Fear

1:20 PM


Fear has kept me silent before and sometimes it still does. I hate that kind of fear. It can be constricting, debilitating and shameful. It creates resentment of oneself. Even now and after many years, I feel uncomfortable just thinking and writing about it. 

I used to fear speaking out because of the violence and anger that it would create within my home. That is the fear that sealed my mouth shut and helped me pretend in order to survive.   

Now I am just fearful of being misjudged due to the social and religious stigmas attached to domestic violence. I have worked so hard to put my life back together over the last decade and I don't want to be perceived as victim again, EVER!

During recent years, I have had this strong urge to thoroughly write my own personal history as a way to continue healing, but I haven't done it.

I have dismissed this prompting many times by reminding myself that I have been given a new life and I need to move forward and that the person I was - is no longer and the years I lived with domestic violence are just faded memories of a very bad nightmare. However, 'stuffing' the experience has never felt right to me and it wasn't just a bad dream. It really happened.
This was the first family photo taken of us at the beginning of our journey of healing. The girls often express how this was one of  the happiest summers of our lives. I felt like a caged bird that had been set free. I was so grateful that my children were able to finally have a happy mama. I was determined to set an example of strength and courage for them.
Then I started doing family history and something quite amazing happened. When I started digging into the past, I discovered ancestral stories of sorrow and joy, death and birth, marriage and divorce. There were inspirational stories of journeys completed and knowledge gained. Spiritual and emotional growth were intertwined among generations where some individuals suffered addictions, loneliness, suicide, and trauma. 

Many of those stories were never spoken or told because of social norms or fear of shame. I knew that I needed to include them so that history of my family would be real and authentic. I felt that this knowledge would somehow bless the posterity of my ancestors. I just didn’t realize that these blessings would begin with me.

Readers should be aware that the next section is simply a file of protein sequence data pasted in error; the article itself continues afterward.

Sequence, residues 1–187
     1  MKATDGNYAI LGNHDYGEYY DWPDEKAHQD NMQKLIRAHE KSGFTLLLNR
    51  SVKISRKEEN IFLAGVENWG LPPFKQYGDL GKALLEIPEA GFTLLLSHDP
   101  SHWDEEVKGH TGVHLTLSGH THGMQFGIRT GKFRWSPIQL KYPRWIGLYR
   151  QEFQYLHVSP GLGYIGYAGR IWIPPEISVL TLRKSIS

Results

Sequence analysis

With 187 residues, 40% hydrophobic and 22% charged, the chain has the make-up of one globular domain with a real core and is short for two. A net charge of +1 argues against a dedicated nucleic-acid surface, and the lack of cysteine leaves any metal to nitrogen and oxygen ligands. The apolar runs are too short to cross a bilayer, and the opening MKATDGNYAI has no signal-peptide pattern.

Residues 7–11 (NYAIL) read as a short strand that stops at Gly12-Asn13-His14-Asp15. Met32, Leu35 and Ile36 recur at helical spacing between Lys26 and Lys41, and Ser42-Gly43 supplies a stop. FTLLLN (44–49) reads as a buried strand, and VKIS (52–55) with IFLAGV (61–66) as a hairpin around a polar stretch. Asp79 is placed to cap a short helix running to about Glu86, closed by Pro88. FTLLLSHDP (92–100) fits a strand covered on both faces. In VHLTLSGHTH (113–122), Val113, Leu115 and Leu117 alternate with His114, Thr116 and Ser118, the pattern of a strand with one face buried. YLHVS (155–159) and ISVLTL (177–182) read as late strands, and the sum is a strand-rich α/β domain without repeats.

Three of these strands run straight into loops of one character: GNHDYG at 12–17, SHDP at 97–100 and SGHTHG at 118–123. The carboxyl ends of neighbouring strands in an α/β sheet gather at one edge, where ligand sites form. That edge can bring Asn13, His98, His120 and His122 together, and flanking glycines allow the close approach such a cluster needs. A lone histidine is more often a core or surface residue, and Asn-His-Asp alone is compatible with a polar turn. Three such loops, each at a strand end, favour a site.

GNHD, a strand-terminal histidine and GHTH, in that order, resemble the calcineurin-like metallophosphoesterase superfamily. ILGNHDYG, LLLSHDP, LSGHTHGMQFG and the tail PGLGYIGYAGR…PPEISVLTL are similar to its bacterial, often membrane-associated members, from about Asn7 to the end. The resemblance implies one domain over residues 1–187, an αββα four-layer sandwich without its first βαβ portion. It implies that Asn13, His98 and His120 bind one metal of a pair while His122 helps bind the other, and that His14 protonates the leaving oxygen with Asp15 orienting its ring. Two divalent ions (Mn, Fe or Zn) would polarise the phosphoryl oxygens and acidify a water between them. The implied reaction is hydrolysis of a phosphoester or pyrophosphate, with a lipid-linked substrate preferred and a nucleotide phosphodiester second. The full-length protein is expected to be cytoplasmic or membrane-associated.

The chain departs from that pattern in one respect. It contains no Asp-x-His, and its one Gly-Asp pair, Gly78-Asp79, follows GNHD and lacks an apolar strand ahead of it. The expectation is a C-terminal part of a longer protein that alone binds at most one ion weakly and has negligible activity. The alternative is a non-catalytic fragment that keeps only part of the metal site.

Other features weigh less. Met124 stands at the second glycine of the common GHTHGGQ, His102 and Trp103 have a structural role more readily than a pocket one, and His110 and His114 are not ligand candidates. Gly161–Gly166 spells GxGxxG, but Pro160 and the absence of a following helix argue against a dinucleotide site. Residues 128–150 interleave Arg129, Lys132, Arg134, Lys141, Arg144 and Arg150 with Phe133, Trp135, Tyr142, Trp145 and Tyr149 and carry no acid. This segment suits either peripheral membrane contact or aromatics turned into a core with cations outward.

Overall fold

While I have been gathering and learning about the histories of the people in my family, I have become more confident and proud of even the most difficult parts of my own personal history.  Authentically writing the stories of my ancestors has helped me overcome the fear of sharing the hardest parts of my own. 














Reading about the tragedies, as well as the triumphs of my ancestors, has helped me to make personal connections with them across generations of time. They seem more real to me. I feel like my familiar support system includes those that have gone on before and they are cheering me on in heaven. I am strengthened by their examples and I am learning wisdom from all of their varied choices and different journeys.  

This type of perspective has helped me to see more clearly how the adversity in my life has been an important part of appreciating the joy that I now experience. My joy and gratitude far outweighs any fear that I may still feel and as Great Grandpa Goulé would say, "It has given me the gumption to speak out."


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5 comments

  1. You keep being you. Write courageously. Your babes are watching, their babes will be reading. Easier said than done, I intimately know. I'm a child who has come out of a home with a troubled parent and domestic abuse. That parent has died, but it reaches so much further... I've come to discover generations of broken and confusing households. I often thing, "this stops with me, now"... but my older living relatives still hang onto pain and some levels of secrecy... all of us nursing a genetic propensity for self soothing in the most destructive ways.

    I just want to drop all the shame... my naive wish is that we all come together as a family one day and acknowledge that addictive and compulsive behavior has been a problem for each of us in one form or another... and put some of the understanding firmly at the feet of an inherited quality that we, each of us, had really no choice to reject... only to acknowledge and protect one another from the pitfall. We all need a hug for this, an acknowledgement of it... and a roadmap for our descendants so that if possible, at least one or a few could avoid repeating this history.

    Happy hunting, and love to your girls.

    ReplyDelete
  2. You keep being you. Write courageously. Your babes are watching, their babes will be reading. Easier said than done, I intimately know. I'm a child who has come out of a home with a troubled parent and domestic abuse. That parent has died, but it reaches so much further... I've come to discover generations of broken and confusing households. I often thing, "this stops with me, now"... but my older living relatives still hang onto pain and some levels of secrecy... all of us nursing a genetic propensity for self soothing in the most destructive ways.

    I just want to drop all the shame... my naive wish is that we all come together as a family one day and acknowledge that addictive and compulsive behavior has been a problem for each of us in one form or another... and put some of the understanding firmly at the feet of an inherited quality that we, each of us, had really no choice to reject... only to acknowledge and protect one another from the pitfall. We all need a hug for this, an acknowledgement of it... and a roadmap for our descendants so that if possible, at least one or a few could avoid repeating this history.

    Happy hunting, and love to your girls.

    ReplyDelete
  3. I loved this.Thank you for sharing.

    ReplyDelete
  4. I loved this.Thank you for sharing.

    ReplyDelete